It’s hard to remember. I’ve come the last ten years straight. I don’t know if I can pinpoint my first one. Probably around 15 years ago was my first experience here . It’s such a- it’s it’s own iconic pop culture phenomenon.
It’s changed a lot in the past 15 years too, so it was much smaller 15 years ago when you came here, was it not?
It was. Now the con has expanded into hotels and there’s Nerd HQ and all these side events going and the tentacles of the con reach through the city, whereas 15 years ago it was all really still condensed in the convention center.
You’re currently directing- or directed, I’m not sure if you finished filming- a show called Joyrider. That’s a documentary, correct?
Yes. It’s a feature doc, we wrapped about 3 weeks ago. Joyrider is the story of wheelchair athlete André Kajlich He’s a double amputee. He lost his legs in 2003 and he became this crazy endurance athlete doing double Ironmans and 400 mile bike rides in a day. He spent the last 3 years trying to qualify for this race called Race Across America, and this year he qualified. So we packed up our camera crew and we followed him and his hand cycling crew from Oceanside, CA to Annapolis MD. He hand-cycled there in 12 days. He slept only 90 minutes a night. He broke course records, world records, hand cycling records, basically every type of record, he smashed it to pieces. I’m so excited to bring his story to the screen.
How did you find out about the story featured in Joyrider?
His sister Bianca Kajlich. Here’s a piece of trivia: we acted together in Bring It On. She’s an actress. She was in my office one day. I knew Andrei before his accident and after obviously. She was telling me, “He’s doing it, he finally qualified for this race” and I said, “Bianca, we have GOT to film this!” I went to Greg Grunberg – of course from Heroes and Star Wars and Star Trek – and Jonathan Woodward, another Buffy Alumni, and said, “Guys, let’s do this. Let’s make this movie” So they produced and I directed, and we finished about 3 weeks ago.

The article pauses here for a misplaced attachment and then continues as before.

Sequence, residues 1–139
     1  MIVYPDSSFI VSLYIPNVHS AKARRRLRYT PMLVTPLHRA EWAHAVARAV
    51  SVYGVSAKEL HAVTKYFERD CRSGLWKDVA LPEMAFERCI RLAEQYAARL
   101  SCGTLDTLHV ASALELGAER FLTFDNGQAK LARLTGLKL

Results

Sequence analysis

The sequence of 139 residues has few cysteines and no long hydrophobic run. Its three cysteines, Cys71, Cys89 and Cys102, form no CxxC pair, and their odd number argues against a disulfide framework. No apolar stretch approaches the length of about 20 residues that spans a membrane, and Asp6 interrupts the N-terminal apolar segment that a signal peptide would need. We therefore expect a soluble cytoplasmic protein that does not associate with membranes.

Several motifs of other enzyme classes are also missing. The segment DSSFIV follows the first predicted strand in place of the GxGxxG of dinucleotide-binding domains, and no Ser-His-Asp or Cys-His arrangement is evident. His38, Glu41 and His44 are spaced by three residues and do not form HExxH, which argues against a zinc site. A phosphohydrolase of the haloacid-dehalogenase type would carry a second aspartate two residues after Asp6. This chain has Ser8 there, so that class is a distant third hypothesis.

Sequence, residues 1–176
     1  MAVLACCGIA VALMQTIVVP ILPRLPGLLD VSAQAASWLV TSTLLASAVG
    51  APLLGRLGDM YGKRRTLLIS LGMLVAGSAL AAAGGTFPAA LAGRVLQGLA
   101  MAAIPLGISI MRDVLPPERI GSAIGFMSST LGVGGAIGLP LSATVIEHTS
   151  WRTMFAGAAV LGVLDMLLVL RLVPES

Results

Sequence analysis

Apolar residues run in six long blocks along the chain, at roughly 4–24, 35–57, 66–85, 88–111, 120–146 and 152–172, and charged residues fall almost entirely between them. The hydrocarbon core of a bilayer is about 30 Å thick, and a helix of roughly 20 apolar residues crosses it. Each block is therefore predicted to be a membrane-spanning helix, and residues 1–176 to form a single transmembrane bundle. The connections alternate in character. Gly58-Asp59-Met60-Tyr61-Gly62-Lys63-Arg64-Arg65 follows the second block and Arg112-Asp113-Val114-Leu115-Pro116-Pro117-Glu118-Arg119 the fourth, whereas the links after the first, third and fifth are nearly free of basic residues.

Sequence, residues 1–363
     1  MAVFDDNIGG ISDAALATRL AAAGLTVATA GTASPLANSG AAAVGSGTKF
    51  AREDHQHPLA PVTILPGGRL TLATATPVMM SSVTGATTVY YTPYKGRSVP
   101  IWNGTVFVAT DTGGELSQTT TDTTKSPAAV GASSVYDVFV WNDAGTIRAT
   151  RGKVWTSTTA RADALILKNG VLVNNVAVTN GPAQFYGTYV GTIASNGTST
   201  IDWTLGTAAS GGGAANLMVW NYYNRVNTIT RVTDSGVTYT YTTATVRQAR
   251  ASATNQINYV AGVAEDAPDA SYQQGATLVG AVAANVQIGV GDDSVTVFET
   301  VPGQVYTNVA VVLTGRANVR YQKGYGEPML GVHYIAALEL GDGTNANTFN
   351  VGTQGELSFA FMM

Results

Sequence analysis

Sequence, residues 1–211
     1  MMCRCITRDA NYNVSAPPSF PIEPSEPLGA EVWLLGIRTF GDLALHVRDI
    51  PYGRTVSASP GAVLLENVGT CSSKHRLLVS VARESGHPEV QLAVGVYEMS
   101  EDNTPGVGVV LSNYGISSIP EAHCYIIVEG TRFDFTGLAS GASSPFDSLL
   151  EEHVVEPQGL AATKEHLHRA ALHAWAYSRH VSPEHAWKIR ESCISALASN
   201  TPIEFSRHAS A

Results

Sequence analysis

Is this your first time directing?
It’s my first time directing a feature. I directed tons and tons of content for online and theater as well when I was living in New York, but this was my first feature. It was just the right time to transition into that role.
So did you enjoy it?
Oh absolutely, I had the time of my life. It was an amazing experience. Like I said it was the right time for me to move into that role. A great support system, wonderful cinematographer, it was just amazing.
So when will it be coming out?
We just finished 3 weeks ago. We shot 5 GoPros and 3 Red for 24 hours a day for 12 days. So it’s going to take 6 weeks just to sync up the sound to see what we’ve got before we can even start going through footage. My anticipation is this time, 2018.
Any social media people can find out more about this on?
Thank you for the chat, Clare. I wish you luck with Joyrider and hope to see you at San Diego Comic-Con again.
Author: Angel Wilson
Angel is the admin of The Geekiary and a geek culture commentator. She earned a BA in Film & Digital Media from UC Santa Cruz. She’s contributed to various podcasts and webcasts including An Englishman in San Diego, Free to Be Radio, and Genre TV for All. She’s written for Friends of Comic Con and is a 2019 Hugo Award winner for contributing fanfic on AO3. She identifies as queer.